If the Judgment, or instalments, are not complied with, the Claimant will be able to enforce the Judgment. There are a number of ways in which this can happen. These include, but are not limited to:

  • Attachment of Earnings order

    This deducts money directly from your wages and pays it to the creditor. Employers are required to co-operate, by law, when such an order is served.

  • Attachment of benefits order

    Similar to an Attachment of Earnings order this deducts money directly from your benefits. The current rate/ cost of deduction is about £3.70 per week. Although this will vary between each council.

  • Charging order

    If your creditor can’t get the money owed through a CCJ they can obtain a Charging Order. This secures the debt against your property and could in extreme cases force you to sell your property.

  • Third party debt order

    Through this a creditor can apply for an order which asks your bank or building society to freeze transactions coming out of your account. Money can then be taken from your account to pay back creditors.

  • Warrant of execution

    This instructs a county court bailiff to visit your property in order to repossess goods for re-sale in order to pay off debts.

  • High Court Writ

    This results in High Court Bailiffs collecting money or repossessing your goods for re-sale. Only Judgments for debts that are over £600 and not subject to the Consumer Credit Act 1974 can be transferred to a High Court Writ.

How long does a CCJ stay on your credit file?

Six years. CCJ details will remain on the Register of Judgments, Orders and Fines for this period – and this is used to assess the creditworthiness of potential borrowers by financial providers.

As previously mentioned, if you pay the full costs associated to the CCJ within a month of the judgment date it will be removed from the register. Alternatively if the debt and associated costs are paid in full at a later date it can be marked as satisfied. Satisfied judgments may look better on your credit report than outstanding ones but it may still be viewed negatively by potential lenders.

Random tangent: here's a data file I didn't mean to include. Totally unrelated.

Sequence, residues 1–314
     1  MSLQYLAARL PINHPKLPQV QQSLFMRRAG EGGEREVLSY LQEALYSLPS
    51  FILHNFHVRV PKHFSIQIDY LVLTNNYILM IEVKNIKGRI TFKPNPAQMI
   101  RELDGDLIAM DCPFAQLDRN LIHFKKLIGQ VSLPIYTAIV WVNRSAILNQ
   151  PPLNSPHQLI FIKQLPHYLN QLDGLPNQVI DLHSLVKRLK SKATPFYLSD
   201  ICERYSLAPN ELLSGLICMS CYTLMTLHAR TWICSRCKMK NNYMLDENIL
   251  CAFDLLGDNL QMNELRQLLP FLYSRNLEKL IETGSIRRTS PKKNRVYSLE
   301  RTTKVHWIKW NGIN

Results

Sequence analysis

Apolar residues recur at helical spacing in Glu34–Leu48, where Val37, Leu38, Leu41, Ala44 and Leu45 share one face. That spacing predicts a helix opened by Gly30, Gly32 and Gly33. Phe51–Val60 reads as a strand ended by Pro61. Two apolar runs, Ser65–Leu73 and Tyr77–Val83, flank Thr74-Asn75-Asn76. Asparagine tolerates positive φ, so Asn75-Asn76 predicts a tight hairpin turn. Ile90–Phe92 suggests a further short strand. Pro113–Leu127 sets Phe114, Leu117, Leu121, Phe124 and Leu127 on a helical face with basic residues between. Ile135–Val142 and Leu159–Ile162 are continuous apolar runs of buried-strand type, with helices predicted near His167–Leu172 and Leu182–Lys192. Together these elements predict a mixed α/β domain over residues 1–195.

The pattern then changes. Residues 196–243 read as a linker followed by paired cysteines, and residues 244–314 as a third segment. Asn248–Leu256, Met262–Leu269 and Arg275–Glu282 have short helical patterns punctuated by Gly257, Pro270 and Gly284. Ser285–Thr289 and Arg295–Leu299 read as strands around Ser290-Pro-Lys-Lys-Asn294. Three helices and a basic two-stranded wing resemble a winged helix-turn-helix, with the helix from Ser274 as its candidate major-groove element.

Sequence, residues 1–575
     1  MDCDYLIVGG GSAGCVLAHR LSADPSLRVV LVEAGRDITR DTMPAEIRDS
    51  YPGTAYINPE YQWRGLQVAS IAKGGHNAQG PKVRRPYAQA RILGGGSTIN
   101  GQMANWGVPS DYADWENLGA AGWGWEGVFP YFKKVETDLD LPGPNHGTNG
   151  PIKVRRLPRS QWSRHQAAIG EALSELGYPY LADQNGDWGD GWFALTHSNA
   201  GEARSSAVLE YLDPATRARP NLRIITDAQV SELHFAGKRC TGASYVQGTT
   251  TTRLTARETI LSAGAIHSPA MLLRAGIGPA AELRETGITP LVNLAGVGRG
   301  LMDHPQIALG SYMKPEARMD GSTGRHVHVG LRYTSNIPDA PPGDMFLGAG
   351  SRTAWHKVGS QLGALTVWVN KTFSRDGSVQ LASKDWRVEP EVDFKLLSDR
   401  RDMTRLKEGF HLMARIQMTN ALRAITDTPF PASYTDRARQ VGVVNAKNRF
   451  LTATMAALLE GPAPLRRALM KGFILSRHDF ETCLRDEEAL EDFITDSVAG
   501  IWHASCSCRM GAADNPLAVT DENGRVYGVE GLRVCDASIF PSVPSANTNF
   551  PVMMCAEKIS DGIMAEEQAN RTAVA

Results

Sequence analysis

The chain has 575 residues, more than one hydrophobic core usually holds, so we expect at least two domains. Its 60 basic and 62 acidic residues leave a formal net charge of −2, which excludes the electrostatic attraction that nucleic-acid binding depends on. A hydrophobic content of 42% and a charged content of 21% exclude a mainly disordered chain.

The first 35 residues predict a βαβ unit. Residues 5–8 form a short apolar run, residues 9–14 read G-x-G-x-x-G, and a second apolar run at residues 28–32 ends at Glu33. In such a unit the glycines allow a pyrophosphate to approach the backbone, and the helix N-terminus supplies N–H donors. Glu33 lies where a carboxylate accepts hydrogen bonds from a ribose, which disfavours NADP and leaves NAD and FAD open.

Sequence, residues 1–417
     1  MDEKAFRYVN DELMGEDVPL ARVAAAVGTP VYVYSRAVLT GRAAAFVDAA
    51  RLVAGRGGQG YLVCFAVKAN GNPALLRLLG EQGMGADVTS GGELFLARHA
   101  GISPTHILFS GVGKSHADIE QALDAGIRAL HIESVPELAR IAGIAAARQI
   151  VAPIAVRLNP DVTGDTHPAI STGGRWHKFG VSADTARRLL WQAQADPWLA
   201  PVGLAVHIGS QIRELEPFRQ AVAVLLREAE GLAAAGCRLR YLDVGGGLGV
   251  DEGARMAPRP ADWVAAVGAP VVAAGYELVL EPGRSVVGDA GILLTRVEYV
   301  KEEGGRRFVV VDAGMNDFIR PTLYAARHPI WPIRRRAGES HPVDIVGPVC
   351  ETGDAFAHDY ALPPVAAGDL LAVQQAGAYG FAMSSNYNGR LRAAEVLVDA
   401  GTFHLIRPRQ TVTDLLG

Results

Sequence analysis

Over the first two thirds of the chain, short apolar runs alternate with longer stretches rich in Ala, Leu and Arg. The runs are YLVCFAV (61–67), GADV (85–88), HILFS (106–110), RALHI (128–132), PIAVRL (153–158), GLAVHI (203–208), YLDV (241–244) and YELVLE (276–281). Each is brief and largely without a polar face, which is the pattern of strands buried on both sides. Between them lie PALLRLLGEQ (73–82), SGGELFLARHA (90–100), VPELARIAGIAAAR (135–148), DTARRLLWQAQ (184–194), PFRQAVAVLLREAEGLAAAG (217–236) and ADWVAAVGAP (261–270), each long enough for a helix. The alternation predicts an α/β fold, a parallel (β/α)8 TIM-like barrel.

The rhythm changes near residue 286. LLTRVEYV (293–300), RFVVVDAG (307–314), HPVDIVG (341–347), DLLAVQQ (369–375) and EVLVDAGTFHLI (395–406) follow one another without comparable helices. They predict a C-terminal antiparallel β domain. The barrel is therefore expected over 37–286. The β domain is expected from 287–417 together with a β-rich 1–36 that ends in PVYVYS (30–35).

How to check the CCJ Register, known as the Register of Judgments, Orders and Fines

Details of CCJ’s in England and Wales can be found at trustonline.org.uk. Searches cost from £4. You can search for yourself or other individuals known to you.

Removing a judgment from your credit report – set aside

If the judgment is set aside (because of a mistake or other reasons) it can be removed. This doesn’t however stop the process as the creditor could begin the process again as any debts could still be outstanding.

Getting credit with a CCJ

A CCJ will affect your ability to get accepted for credit, as a CCJ on your credit file is a sign that you have had previous credit problems. This means that future creditors may be reluctant to lend you money or may do so at a higher APR.

Many people worry that having a CCJ means they won’t get accepted for credit. Any potential lender or creditor may take into consideration when the CCJ was registered, and other factors, such as how much the CCJ was for and whether it was satisfied or not.

CCJs for a lower amount of debt and/or which have been satisfied can be less of a problem for some lenders. Your overall credit history and outstanding debt levels will also be taken into consideration.

Most lenders now have products that are specifically tailored to people who have experienced problems in the past. These products are designed to help you rebuild your credit rating.  You will typically start off with a low credit limit but if you continue to maintain payments this will be reviewed and may gradually increase.

If you have been issued with a CCJ it is worthwhile checking the Register of Judgments, Orders and Fines to ensure that the details are accurate.

Can I get a mortgage with a CCJ – I’ve heard of Bad Credit Mortgages?